“A school district had placed a deaf and hard-of-hearing student with us in the K-12 programing and had continued on with Career Plus. When they saw how successful the student was performing in Career Plus, they wanted to send us another student—one who had not previously attended St. Rita—specifically for our transition program,” says Marsh.

“The student’s school district had a limited transition program that could not individualize to the student’s needs as well as our Career Plus program. So the parents asked St. Rita educators if their child could participate in Career Plus, and they were given the go-ahead,” she continues.

The Business Connection

To date, the Career Plus program has partnered with a range of Cincinnati-area companies, including:

– Bonnie Lynn Bakery

– Expressions By Elizabeth

– Gorman Heritage Farm

– Group Sales, Inc.

– Iacono Company

– Lakeview Garden Center & Landscaping

– LaRosa’s Pizzeria

– Vonderhaar’s Catering

And the roster of participating companies will continue to change as students’ needs change, says Marsh. “Our partnerships with businesses change depending upon our students. Of course, we would love it if businesses contacted us to work with us for this program.”

For instance, says Marsh, “we have a student in the program who would really love to pursue office cleaning. She’s trying out clerical work for now and she’s okay with it, but it’s not her favorite.”

Importantly, it’s not only the students who benefit—the participating companies in the program benefit, too.

“The Career Plus program is a win-win opportunity for any corporation. Over the last three years, it has provided our company and team members with the unique opportunity to engage with students who are deaf or have communication needs. It makes our team stronger and better leaders,” notes Chris Schlichter of Group Sales, Inc. “Additionally, it’s rewarding to know that we’re helping these young adults to develop the real-world skills and experience they need to begin their careers.”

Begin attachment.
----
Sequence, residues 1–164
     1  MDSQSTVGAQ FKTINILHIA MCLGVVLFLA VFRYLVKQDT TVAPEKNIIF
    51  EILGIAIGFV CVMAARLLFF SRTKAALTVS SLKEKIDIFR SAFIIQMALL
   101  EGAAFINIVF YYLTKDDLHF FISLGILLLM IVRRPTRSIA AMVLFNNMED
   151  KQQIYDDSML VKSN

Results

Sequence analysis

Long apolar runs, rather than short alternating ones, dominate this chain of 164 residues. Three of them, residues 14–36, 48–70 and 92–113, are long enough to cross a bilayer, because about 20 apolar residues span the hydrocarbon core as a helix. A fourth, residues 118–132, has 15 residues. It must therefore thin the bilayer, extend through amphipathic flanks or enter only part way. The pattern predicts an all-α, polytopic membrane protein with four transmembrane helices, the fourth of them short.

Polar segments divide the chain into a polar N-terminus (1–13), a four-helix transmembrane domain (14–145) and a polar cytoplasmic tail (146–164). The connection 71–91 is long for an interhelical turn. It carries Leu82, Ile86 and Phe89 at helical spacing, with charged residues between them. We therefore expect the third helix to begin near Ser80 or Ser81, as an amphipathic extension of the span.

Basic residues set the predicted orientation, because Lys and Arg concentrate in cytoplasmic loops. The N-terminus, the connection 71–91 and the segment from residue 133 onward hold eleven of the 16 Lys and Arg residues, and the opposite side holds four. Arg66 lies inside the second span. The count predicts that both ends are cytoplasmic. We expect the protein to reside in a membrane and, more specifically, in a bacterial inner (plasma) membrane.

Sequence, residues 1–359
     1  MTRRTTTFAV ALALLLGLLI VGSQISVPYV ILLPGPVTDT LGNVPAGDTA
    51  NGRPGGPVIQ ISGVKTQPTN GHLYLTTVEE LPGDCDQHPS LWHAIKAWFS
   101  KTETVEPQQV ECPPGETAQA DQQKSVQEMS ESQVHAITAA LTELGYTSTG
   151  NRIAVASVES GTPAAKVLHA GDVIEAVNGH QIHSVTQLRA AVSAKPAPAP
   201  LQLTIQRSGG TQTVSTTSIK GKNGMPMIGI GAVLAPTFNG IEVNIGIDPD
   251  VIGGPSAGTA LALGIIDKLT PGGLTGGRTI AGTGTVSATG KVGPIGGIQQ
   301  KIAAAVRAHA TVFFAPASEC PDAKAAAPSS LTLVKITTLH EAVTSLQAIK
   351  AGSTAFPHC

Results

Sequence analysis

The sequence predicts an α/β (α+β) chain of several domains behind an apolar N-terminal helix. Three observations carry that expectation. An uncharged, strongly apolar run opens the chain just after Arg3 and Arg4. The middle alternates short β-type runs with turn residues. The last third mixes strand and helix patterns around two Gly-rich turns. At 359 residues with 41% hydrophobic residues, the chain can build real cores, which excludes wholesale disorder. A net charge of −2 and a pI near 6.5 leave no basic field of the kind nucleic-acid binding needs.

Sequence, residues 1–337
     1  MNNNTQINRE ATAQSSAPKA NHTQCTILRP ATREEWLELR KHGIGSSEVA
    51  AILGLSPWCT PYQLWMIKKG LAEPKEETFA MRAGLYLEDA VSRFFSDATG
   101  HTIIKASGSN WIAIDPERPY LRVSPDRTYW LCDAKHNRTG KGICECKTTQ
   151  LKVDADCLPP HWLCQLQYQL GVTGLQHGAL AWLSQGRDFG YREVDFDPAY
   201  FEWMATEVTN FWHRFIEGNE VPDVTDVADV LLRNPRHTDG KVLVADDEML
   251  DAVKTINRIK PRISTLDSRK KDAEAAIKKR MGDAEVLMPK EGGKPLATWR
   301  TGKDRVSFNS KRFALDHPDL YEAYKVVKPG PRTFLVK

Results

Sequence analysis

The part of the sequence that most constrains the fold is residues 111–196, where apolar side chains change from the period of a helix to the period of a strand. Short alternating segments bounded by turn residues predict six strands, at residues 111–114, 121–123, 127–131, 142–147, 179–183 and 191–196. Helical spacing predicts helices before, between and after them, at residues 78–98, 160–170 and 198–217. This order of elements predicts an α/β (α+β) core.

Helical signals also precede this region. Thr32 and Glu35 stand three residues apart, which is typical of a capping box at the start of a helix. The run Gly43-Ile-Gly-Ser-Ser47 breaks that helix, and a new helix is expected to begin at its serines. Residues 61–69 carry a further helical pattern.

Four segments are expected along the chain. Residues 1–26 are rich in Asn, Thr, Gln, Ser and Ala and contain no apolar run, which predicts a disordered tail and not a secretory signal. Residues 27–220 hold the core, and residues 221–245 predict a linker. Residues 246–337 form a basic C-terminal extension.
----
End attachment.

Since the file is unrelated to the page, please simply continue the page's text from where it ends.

Iacono Company’s Doug Craven echoes those comments. “Partnering with St. Rita’s on the Career Plus program has been a wonderful experience for all of our staff members. Having the opportunity to enrich the lives of these students by instructing them in the ways of our craft has been an awesome and humbling experience. I think that this journey has taught us more about life than anyone ever anticipated,” he says.

Something Special

As of October 2018, seven students have participated in the Career Plus program. Four have graduated, and all of these have gained employment prior to leaving the program; another three students are still participating in the program.

“The thing about our students is that they’re not your typical teenagers—they really want to work,” she continues. “The program helps build up their skills.”

“We have something special, pretty unique,” says Marsh.

Sign Language Classes

Another way that St. Rita School for the Deaf contributes to the community is by offering American Sign Language (ASL) classes—providing the tools you need to converse with employees, friends and others who are deaf or hard of hearing.

Six levels of classes are offered (three beginner and three intermediate), with classes held over a nine-week period. Also available to those who have taken Beginner 1 Sign: an optional lab, which provides an interactive signing environment, small group activities, games and drills with members from the Deaf Community working as activity and lab leaders.

Fees for the classes range from $80 for the classes (all levels) and $80 for the lab.

For a current class schedule and to enroll, download the class-registration form on the St. Rita website (